Next, we define the LLM. Here, we use the default gpt-3.5-turbo model offered by OpenAI, which also powers ChatGPT.

from langchain_openai import ChatOpenAI

llm = ChatOpenAI(api_key="sk-...") # or set the OPENAI_API_KEY environment variable

Now we are ready to plug together our RAG system. For simplicity we take a standard prompt for instructing the LLM. We also transform the Elasticsearch store into a LangChain retriever. Finally, we chain together the retrieval step with adding the documents to the prompt and sending it to the LLM.

from langchain import hub
from langchain_core.runnables import RunnablePassthrough

prompt = hub.pull("rlm/rag-prompt")  # standard prompt from LangChain hub

retriever = es_store.as_retriever()

def format_docs(docs):
    return "\n\n".join(doc.page_content for doc in docs)

rag_chain = (
    {"context": retriever | format_docs, "question": RunnablePassthrough()}
    | prompt
    | llm
    | StrOutputParser()

With these few lines of code, we now already have a simple RAG system. Users can now ask questions on the data:

rag_chain.invoke("Which frameworks can help me build LLM apps?")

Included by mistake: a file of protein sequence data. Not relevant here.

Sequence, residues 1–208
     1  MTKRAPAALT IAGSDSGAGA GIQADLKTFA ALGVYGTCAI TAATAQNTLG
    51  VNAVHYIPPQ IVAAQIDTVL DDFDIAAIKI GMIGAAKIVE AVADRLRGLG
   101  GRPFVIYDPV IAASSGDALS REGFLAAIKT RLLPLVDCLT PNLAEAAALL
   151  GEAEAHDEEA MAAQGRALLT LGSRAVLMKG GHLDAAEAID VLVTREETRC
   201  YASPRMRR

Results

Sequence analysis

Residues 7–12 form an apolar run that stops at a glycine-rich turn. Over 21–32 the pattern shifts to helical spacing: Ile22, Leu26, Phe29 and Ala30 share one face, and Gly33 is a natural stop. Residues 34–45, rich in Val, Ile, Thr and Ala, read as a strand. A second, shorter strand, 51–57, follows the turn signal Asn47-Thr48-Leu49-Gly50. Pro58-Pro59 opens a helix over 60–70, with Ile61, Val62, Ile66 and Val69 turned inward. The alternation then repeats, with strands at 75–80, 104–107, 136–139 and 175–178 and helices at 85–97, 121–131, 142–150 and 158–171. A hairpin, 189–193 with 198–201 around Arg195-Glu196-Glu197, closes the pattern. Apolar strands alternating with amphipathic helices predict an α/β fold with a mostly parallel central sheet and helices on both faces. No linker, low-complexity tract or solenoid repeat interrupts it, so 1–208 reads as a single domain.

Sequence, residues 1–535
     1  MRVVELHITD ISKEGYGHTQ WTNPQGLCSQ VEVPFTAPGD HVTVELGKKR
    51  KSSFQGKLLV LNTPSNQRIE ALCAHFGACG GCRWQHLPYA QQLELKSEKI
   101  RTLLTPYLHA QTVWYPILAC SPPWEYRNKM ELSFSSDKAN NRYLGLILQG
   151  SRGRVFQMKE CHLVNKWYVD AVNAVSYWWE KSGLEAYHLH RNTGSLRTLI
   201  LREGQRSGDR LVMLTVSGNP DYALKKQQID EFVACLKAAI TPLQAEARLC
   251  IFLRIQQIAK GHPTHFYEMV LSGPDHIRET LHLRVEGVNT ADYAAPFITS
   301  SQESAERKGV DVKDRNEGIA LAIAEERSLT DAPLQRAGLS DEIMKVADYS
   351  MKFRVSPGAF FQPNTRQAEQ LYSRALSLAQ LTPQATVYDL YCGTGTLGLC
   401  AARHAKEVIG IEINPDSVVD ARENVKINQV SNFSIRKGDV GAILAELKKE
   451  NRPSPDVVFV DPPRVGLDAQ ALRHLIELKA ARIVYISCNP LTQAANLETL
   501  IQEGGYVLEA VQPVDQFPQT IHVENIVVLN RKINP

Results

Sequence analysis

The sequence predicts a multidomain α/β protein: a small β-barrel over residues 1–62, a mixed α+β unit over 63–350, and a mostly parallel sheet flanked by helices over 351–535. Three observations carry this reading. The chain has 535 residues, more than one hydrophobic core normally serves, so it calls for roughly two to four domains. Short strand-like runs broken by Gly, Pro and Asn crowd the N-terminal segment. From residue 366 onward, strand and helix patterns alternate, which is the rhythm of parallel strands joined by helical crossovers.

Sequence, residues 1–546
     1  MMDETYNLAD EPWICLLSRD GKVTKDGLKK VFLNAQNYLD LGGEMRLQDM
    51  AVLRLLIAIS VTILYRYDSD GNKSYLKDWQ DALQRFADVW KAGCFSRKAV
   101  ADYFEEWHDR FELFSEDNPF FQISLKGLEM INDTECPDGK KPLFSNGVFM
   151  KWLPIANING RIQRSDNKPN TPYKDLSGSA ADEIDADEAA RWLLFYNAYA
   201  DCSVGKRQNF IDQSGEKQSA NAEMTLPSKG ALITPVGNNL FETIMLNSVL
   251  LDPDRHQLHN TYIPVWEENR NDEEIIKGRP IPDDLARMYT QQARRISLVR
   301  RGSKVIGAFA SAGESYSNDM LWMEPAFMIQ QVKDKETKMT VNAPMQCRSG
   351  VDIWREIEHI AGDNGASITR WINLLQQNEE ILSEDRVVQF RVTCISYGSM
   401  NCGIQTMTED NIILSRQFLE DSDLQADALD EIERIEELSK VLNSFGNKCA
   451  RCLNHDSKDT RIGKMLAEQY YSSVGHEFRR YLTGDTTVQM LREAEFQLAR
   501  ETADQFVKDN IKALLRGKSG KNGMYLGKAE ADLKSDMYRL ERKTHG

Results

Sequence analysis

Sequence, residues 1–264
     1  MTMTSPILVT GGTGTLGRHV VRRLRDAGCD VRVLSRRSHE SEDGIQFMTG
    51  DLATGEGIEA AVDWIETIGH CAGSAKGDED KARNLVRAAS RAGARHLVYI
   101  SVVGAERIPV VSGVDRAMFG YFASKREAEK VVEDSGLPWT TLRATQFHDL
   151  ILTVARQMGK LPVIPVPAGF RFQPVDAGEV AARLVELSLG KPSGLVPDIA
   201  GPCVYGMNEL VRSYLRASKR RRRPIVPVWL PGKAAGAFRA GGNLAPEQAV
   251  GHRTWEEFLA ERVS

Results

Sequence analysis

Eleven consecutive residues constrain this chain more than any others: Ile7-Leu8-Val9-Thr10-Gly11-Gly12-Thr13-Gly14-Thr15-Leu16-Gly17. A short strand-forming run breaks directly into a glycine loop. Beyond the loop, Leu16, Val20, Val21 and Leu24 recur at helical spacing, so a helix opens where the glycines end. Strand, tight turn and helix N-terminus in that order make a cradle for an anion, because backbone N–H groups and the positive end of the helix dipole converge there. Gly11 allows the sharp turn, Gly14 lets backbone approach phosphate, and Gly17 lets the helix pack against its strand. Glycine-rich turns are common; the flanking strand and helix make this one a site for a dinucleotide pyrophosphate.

"LangChain is a framework specifically designed for building LLM-powered applications. ..."

It's as simple as this. Our RAG system can now respond with info about LangChain, which ChatGPT (version 3.5) cannot. Of course there are many ways to improve this system. One of them is optimizing the way we retrieve the documents.

Full retrieval flexibility through the Retriever

The Elasticsearch store offers common retrieval strategies out-of-the-box, and developers can freely experiment with what works best for a given use case. But what if your data model is more complex than just text with a single field? What, for example, if your indexing setup includes a web crawler that yields documents with texts, titles, URLs and tags and all these fields are important for search? Elasticsearch's Query DSL gives users full control over how to search their data. And in LangChain, the ElasticsearchRetriever enables this full flexibility directly. All that is required is to define a function that maps the user input query to an Elasticsearch request.